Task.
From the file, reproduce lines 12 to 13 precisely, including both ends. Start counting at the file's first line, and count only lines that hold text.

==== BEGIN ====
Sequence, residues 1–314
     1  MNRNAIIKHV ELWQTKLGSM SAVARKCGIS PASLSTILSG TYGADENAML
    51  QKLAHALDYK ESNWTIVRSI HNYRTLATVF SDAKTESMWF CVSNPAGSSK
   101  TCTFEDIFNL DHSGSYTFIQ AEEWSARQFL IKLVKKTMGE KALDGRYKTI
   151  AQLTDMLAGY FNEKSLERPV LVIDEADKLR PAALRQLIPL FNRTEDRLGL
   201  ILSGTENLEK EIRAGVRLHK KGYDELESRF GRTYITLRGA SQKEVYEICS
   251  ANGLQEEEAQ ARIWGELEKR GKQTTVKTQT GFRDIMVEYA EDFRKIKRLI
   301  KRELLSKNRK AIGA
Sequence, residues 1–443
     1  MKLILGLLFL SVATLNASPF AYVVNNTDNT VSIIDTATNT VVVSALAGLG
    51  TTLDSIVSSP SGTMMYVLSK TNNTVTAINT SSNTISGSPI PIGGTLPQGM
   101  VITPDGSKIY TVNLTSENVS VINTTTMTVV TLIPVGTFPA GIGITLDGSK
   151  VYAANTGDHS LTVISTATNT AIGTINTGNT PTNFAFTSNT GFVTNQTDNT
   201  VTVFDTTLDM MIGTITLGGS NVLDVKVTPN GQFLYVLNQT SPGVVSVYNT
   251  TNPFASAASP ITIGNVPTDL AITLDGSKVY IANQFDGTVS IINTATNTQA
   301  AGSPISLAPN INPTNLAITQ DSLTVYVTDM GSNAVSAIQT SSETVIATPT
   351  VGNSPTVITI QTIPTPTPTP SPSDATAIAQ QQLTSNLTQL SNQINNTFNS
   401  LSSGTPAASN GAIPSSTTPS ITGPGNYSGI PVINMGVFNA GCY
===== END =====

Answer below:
   101  VITPDGSKIY TVNLTSENVS VINTTTMTVV TLIPVGTFPA GIGITLDGSK
   151  VYAANTGDHS LTVISTATNT AIGTINTGNT PTNFAFTSNT GFVTNQTDNT